Archive for July 25th, 2019

25 Jul 2019 1 Peter (Program #26)

1 Peter (Program #26) – The Mighty Hand of God and Its Goal (1)

The apostle Peter says “to gird yourself with humility toward one another because God resist the proud.”  Then he says “to be humble under the mighty hand of God.”   Well, humility is a striking virtue in a Christian and genuine humility bears an unmistakable fragrance, a sweet aroma of Christ being expressed in a person’s living.  False, religious humility also carries an identifiable fragrance as well, but not one that attracts and drives man to it.  Of course the greatest humility in the universe is that of the Lord Jesus Himself who humble Himself for our benefits, putting off His own glory and even becoming a slave for us.  God’s desire today is not for us to try to imitate such humility but rather to submit ourselves to His mighty hands, receiving Him not only as our Savior from sin but even as our humility.

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25 Jul 2019 Exodus (Program #46)

Exodus (Program #46) – The Defeat of Amalek

To be sure, the Old Testament book of Exodus gives us a complete picture of God’s full salvation, from the Passover, a full type of our redemption in Christ to the feeding of God’s people with the heavenly manna and satisfying them from the flowing water from the smitten rock.  All of our genuine experiences of our Christian life are marvelously depicted.  But the picture will not be complete without the experience of the victory of Christ against the enemy of God’s people.  The battle is engaged on today’s program.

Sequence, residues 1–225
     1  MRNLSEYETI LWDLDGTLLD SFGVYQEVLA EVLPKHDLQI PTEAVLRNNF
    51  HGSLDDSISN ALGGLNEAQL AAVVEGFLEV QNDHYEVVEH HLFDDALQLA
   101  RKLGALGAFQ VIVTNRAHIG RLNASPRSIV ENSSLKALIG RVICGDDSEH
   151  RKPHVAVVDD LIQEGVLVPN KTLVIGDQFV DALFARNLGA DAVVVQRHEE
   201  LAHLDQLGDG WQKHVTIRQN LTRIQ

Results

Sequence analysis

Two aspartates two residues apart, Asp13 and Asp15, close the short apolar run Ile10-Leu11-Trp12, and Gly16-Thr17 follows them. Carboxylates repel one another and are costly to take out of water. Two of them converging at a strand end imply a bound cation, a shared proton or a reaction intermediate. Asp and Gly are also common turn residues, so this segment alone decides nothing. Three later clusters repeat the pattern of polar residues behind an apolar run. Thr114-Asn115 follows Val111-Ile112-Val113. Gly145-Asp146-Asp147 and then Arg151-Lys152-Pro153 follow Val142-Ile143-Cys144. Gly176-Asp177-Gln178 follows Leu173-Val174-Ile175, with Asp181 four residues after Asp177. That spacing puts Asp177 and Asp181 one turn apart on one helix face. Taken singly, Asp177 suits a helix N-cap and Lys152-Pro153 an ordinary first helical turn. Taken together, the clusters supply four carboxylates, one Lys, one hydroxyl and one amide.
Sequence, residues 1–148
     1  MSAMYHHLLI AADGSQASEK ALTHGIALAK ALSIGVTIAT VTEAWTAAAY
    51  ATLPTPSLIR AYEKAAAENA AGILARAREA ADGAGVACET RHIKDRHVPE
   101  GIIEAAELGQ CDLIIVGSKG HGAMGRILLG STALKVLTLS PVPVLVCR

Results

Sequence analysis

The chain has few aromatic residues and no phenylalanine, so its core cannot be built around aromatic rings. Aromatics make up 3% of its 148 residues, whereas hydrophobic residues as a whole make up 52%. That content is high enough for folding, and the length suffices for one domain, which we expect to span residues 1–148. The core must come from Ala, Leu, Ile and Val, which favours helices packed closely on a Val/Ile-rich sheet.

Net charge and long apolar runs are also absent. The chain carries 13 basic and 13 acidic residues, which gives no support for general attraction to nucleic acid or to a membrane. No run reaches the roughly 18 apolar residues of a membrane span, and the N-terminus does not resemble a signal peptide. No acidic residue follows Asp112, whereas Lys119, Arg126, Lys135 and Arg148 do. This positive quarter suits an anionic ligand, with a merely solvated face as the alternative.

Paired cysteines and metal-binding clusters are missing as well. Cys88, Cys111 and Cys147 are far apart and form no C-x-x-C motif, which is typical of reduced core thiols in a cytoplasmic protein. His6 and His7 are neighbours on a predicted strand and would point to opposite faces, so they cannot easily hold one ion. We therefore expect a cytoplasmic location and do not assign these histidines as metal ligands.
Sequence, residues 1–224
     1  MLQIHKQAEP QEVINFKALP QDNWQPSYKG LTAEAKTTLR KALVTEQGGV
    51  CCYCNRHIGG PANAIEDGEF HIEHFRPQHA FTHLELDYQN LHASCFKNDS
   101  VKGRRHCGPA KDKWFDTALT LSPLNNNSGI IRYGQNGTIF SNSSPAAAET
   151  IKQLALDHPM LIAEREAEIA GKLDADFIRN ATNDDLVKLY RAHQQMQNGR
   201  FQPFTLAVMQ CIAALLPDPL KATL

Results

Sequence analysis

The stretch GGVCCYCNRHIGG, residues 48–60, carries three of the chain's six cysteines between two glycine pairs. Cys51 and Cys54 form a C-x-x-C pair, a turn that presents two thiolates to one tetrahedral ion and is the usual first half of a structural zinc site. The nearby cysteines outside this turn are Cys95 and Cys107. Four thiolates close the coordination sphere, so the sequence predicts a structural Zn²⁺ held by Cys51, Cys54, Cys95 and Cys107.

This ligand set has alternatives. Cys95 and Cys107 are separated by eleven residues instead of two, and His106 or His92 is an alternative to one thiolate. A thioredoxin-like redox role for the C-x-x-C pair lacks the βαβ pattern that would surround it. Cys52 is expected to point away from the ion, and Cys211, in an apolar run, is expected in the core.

We have come to a point in Exodus that is very meaningful.  We are about to see God’s people, the nation of Israel engage in battle for the first time since their exodus out of Egypt.  Here are some excerpts of a few verses in chapter 17:8, 9, 10, 13 “Then Amalek came and fought with Israel in Rephidim.  And Moses said to Joshua, Choose men for us, and go out; fight with Amalek…. So Joshua did as Moses had said to him and fought with Amalek…. And Joshua defeated Amalek and his people with the edge of the sword.”  Some who has been following this life study closely may take issue with us in saying that this portion depict the first account of Israel fighting against the enemy.  Because they surely had an encounter with the army of Pharaoh on the occasion of their exit out of Egypt.  Why do we say that this is really their first battle?

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